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There are three key differences between those poets the academic establishment consider major versus their minor brethren: major poets are prolific, their work has marked change, and they have influenced leagues of poets and likely future major poets. W. S. Merwin has two of three and time will tell if he hits the major poet trifecta.
Merwin is prolific; he has published scores of books and is probably best known to the casual reader as the translator of the wildly successful Sir Gawain and the Green Knight. He also knocked out a wonderful translation of Dante’s Purgatorio even though he monkeyed with the terza rima, which, being a form whore, I find to be rather important.
And Merwin used to be a form whore himself. His first book, A Mask for Janus, is flowery and ornate and was selected by W. H. Auden in 1952 for the Yale Younger Poets Prize. (Merwin took a turn as a judge for the prestigious prize in the ’90s.) He then busted free of the shackles of received form in the sixties (along with everybody else) after Robert Lowell changed the game with Life Studies. And now he writes verse totally free of punctuation though, like all former formal poets, you can still hear the beats; his poems tend to have an iambic backbone. So Merwin has the big change in poetics.
Is he influential? I’m not sure. I’ve never heard anyone mention him as an influence (and personally I don’t consider him an influence though I like his poetry). The Lice is considered by many as one of the best books of poetry from the 20th century. But Merwin doesn’t have a cadre of imitators the same way Ashbery has now or Eliot or Stevens or Yeats had, some of whom developed into major poets (like Auden, like Lowell). Sadly, sometimes a poet needs to die before his or her full impact can be felt.
Merwin has travelled extensively and harbors a deep respect for the natural world and its denizens. So it’s not surprising that landscapes figure prominently in his work and that we run across one in the poem appearing in the November 3, 2008, issue of the New Yorker. In this case it’s Alba, Italy, home of the Fighting White Truffles.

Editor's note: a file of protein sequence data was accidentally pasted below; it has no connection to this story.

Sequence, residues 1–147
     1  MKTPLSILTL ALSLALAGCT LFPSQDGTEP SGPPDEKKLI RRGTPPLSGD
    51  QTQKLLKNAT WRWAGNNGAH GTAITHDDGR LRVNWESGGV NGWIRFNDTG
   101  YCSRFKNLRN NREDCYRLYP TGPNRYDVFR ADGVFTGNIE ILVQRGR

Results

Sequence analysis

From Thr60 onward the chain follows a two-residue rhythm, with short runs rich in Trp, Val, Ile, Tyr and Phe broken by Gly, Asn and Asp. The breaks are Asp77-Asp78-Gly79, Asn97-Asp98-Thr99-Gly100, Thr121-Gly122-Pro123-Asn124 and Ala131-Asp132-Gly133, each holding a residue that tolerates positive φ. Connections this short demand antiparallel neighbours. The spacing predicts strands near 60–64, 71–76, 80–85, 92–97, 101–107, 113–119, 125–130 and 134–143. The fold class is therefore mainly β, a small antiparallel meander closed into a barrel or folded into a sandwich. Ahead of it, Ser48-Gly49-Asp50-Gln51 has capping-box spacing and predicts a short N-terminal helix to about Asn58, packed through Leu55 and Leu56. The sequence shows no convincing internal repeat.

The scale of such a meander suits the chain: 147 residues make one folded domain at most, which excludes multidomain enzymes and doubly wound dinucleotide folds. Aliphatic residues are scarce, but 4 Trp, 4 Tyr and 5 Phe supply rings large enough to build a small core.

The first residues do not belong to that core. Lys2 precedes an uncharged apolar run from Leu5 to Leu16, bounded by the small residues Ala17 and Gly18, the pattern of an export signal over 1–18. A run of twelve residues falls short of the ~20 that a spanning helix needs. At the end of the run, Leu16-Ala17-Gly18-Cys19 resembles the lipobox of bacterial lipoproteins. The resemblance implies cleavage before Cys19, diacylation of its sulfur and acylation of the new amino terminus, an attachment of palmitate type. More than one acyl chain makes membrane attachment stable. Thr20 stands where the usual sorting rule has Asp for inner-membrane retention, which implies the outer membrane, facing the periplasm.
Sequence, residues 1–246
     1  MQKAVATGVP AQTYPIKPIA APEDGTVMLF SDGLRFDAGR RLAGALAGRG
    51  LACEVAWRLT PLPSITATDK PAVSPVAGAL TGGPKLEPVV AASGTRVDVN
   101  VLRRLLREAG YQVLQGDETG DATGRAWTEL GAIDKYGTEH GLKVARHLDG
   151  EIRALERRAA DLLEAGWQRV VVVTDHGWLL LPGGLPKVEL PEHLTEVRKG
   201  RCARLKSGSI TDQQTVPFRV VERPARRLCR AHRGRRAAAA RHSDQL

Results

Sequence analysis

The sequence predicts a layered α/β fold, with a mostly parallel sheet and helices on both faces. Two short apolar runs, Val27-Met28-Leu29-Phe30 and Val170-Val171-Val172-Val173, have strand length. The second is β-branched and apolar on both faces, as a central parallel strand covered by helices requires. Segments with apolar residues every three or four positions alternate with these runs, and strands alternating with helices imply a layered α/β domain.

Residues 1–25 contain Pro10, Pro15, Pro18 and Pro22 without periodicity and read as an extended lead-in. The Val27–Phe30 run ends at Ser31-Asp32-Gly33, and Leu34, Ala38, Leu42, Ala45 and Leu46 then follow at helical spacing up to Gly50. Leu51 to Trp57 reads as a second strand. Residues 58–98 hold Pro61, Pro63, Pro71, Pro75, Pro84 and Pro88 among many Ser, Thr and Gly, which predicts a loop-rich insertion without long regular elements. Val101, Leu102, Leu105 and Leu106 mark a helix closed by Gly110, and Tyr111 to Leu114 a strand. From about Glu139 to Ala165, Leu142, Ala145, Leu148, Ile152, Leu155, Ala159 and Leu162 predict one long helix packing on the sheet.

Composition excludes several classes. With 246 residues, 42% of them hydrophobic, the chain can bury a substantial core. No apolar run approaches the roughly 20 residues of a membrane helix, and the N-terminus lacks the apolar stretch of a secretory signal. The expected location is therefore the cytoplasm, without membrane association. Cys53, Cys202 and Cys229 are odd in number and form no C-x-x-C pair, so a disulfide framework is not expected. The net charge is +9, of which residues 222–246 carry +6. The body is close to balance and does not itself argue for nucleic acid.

“Alba” is fairly representative of a Merwin poem; hear the iambic thumping, nary a punctuation mark (sans the apostrophe that gives the mule its shod hooves). It moves elliptically but is wrapped up neatly, with a bow, with a toothpick.
We find the speaker climbing a terraced, ag-heavy mountain shrouded in mist in Northern Italy when he comes upon a field of broad beans in bloom with its fragrant flowers and there he heard the creaking harness and clickety-clack hooves of the mule working the field and the farmer singing in a low voice in a foreign tongue to the mule and the speaker of the poem watches the mist flow from their breaths. It’s a nice image and entirely too easy to summarize; good poetry resists summary.
And it’s beyond me the value of lines three through seven. They’re descriptive, sure, but they don’t advance the meaning of the poem and could be cut and nobody would miss them. The meaning of the poem? When a poet climbs a mountain, more often than not that mountain is Parnassus, home of the Muses and poetic inspiration. So here the poet climbs the mountain in darkness, in mist and sees THE FIELD IN FLOWER at first light and then hears the jingle and crack and song of hard labor, but understands none of the song: there are no answers at the top of the mountain.
This poem is thematically typical of Merwin too: a rooted emptiness courses through his work. Cultural death is also a big theme too and I get the sense the speaker of the poem is pleased that he can’t understand the farmer’s song. And Merwin, who presumably knows a great deal of Italian translating Dante and all, may be overjoyed to have this run-in with a regional dialect (if that’s what it is).
And whenever I read Merwin, I can’t help but think of Elizabeth Bishop’s fantastic poem that touches on hypotaxis and parataxis (“everything only connected by ‘and’ and ‘and'”). Everything is connected; everything is equal.